The Egg magazine have joined facebook.This means that fans and members are able to share ideas and perceptions about different things like make up and clothing etc. Because the youth of the world are more into reading blogs and reading online materials rather than books, I think the Egg magazines content being available on facebook is a very good idea.  Here check it out.

Click here to visit the Wesbite < http://www.facebook.com/pages/Egg-Magazine/36935608228

Youtube

I was looking through the videos on you tube about Ganguro, and what I found so interesting was, how many Westerners have post under the title Ganguro. Many of the videos consists of them trying to be a Ganguro.

HISTORY AND FORMATION

The Formation and History of Ganguro

tubefacebook

Ganguro literally means “black-faced” (Miller 2006, pg.30) as I mentioned on my earlier blog. “Ganguro falls into the larger subculture of gyaru (from English “gal”), a slang term used for various groups of young women, usually referring to overly childish or rebellious girls” ( Grey 2009). The culture supposedly peaked in popularity during the late 1990s to the early 2000s (Japanese Lifestyle 2009). It is easy to spot a Ganguro girl in Japan because of their dark tanned faces, covered with stickers, glitters, white eye shadow, false eyelashes, bleached hair, provocative and colorful clothing and high heeled shoes.

Ganguro Gal” look are cell phones covered with purikura stickers, tie-dyed sarongs, mini-skirts, hibiscus flower hairpins, and lots of bracelets, rings and necklaces.

For example:

Here are important information that I dug up from different websites that agree and disagree about the formation of the Ganguro.

  1. “Ganguro, with their screw-you makeup, are not trying to look black, American, or like anything ever seen before” ( Miller 2006, pg.30).
  2. Ganguro go against the grain of the usual Japanese standard of female beauty, which calls for skin as light as possible, so-called bihaku, (??, literally ‘beautiful whiteness’). The roots of the trend are said to be in the mid-1960s, starting with commercials/advertisements in which actresses emulated the California “beach bunny” look.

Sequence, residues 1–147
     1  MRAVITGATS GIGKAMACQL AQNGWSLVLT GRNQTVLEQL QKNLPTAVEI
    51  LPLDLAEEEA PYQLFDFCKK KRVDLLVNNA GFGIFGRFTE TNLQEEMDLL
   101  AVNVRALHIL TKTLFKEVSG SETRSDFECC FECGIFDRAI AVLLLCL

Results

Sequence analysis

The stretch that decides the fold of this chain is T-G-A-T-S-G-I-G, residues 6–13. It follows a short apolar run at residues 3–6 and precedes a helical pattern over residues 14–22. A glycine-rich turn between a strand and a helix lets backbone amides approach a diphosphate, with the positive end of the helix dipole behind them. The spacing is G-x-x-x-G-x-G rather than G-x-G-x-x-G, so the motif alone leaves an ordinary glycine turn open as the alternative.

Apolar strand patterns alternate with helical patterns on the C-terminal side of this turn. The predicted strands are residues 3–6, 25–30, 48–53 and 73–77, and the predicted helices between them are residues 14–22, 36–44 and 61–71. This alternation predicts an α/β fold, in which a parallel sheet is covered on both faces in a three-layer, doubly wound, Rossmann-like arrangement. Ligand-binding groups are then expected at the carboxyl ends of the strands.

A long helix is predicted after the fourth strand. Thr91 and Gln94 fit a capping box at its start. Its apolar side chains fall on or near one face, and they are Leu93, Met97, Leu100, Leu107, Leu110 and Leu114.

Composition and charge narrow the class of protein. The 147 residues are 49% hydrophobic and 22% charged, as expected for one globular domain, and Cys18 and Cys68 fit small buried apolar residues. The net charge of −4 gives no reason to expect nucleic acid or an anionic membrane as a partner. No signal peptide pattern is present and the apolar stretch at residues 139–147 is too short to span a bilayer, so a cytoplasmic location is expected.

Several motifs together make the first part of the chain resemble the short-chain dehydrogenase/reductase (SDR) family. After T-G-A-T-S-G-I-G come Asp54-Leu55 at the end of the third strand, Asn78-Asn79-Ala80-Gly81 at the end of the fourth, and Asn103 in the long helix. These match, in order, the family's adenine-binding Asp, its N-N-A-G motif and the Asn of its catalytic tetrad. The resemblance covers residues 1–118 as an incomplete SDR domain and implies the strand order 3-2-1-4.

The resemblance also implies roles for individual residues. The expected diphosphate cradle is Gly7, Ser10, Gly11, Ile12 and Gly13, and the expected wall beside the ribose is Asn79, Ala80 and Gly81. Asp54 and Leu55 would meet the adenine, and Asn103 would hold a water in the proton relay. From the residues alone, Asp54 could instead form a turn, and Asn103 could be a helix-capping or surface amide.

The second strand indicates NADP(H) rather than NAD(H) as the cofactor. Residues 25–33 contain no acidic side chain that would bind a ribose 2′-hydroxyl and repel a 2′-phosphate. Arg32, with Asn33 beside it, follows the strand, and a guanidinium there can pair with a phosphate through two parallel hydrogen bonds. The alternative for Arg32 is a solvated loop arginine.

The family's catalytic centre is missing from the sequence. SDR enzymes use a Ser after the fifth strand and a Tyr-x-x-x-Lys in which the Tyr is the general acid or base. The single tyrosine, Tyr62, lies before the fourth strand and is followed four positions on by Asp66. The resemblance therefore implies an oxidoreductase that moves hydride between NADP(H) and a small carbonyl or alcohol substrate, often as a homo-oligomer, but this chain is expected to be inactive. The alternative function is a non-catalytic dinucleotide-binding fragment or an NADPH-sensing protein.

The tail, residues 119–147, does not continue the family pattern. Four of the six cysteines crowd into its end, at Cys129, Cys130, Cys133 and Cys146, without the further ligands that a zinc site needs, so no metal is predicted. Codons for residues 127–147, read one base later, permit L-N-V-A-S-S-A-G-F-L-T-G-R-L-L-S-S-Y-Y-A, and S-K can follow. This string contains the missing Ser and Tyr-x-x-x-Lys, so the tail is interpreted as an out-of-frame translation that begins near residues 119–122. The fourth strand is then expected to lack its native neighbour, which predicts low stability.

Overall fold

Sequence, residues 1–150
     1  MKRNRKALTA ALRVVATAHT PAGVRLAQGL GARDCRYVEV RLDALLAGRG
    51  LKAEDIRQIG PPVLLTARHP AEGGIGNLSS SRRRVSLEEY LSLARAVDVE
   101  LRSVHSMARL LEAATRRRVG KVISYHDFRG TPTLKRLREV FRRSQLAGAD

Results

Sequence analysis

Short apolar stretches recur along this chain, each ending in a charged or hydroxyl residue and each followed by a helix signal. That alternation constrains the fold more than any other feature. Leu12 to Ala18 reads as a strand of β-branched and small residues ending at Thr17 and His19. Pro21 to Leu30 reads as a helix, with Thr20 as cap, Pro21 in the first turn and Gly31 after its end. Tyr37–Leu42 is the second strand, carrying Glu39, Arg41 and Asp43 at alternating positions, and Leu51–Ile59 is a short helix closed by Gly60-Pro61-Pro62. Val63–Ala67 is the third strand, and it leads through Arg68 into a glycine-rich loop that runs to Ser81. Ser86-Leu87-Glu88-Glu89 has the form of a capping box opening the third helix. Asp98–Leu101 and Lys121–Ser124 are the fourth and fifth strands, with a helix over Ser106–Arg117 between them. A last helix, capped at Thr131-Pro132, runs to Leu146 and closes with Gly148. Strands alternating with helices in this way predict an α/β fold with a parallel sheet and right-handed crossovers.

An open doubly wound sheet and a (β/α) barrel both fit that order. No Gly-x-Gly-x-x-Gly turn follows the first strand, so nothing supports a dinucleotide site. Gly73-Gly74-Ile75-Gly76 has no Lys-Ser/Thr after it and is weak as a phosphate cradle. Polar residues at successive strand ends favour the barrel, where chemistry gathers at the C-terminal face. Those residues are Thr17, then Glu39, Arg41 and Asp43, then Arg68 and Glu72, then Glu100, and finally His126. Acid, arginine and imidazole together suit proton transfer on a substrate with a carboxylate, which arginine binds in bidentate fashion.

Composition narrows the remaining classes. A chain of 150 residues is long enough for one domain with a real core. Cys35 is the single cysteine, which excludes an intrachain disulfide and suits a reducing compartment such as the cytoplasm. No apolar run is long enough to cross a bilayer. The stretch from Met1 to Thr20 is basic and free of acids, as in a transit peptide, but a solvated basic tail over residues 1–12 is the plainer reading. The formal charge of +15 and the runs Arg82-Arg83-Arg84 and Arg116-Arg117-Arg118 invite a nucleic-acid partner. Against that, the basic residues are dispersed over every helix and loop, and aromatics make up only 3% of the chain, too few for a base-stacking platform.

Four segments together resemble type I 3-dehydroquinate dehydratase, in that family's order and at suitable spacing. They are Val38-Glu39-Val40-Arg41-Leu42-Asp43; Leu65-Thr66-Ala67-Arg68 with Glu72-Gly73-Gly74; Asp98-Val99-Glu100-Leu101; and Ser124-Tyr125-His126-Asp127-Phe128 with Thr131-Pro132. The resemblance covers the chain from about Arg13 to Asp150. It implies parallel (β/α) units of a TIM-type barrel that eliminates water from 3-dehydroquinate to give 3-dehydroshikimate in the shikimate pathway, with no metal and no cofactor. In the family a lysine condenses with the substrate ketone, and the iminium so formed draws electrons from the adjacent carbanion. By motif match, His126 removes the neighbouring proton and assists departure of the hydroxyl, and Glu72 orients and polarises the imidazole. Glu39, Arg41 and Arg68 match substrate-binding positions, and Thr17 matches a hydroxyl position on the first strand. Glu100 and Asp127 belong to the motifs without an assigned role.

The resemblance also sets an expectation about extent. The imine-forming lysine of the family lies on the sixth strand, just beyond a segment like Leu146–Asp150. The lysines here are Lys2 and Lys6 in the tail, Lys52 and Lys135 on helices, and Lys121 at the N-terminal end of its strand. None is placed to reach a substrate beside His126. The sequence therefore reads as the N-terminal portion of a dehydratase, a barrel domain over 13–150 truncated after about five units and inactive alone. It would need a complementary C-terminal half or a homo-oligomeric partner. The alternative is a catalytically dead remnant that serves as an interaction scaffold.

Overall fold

3. Ganguro have also been linked to an emulation of African American celebrities and were described as such by the Editor of Fruits magazine. The term itself, “Black face”, seems to allude to that.
  4. Hip hop impact on Japanese youth culture with special reference to the ganguro.
  5. Ganguro as a new fashion style reflects the global influence of hip hop culture and affects Japanese youth ideology.GANGUROBBAL
  6. Ganguro is more than a new fashion style among Japanese teenage girls; it is an explicit expression of self- identity of those who attempt to depart from traditional Japanese cultural values and social standards.
  7. Ganguro as a subculture is in conflict with  mainstream Japanese culture, and although this subculture may not spread to the whole Japanese younger generation, it has socio-cultural and ideological significance in Japanese society.

References

1.Miller R 2006,Beauty up: exploring contemporary Japanese body aesthetics, University of California Press, California.

2. Xuexin L, 2005 ‘Ganguro’Wikipedia, viewed on 5 September 2009 < http://en.wikipedia.org/wiki/Ganguro>

3. Viewed on 5 September 2009 http://www.spiritus-temporis.com/ganguro/

BEHIND THE OBESSESSION AND FASCINATION

pretty

Someone today asked me, why are you so interested in the Ganguro culture? and I paused for a bit and answered. “ Because sometimes I wish I could be as free as them!”. Sometimes I just want to rebel. When I turned 18, four years ago, I taught that my parents could give me the freedom that I deserved. But I guess my expectations were only fueled by watching movies like ‘A walk to remember’, and all the other Filipino movies I watched; that showed me that when you stand up to your parents they will learn  to accept that at that age  a person is mature and independent. But being a Filipina girl and the eldest girl in the family, the eldest daughter, the elders grandchild, I was not entitled to that freedom. This is how my fascination with the Ganguro girls began. Through contemporary media vehichle such as the internet and blogs, i found out about Ganguros!

The Ganguro girls were not only a product television show such as Baywatch and African American music videos, they are to me a product of rebellion, a way to escape the strict and high expectations of being a Japanese girl. Personally, it is to break away from the strict and outdated expectations of many Asian culture and parents.

In a book written by  Paul R. Spickard titled ‘Mixed blood: intermarriage and ethnic identity in twentieth-century America’ he informs the reader of why ‘white skin’ was seen as an imperative characteristic of a high-class Japanese girl.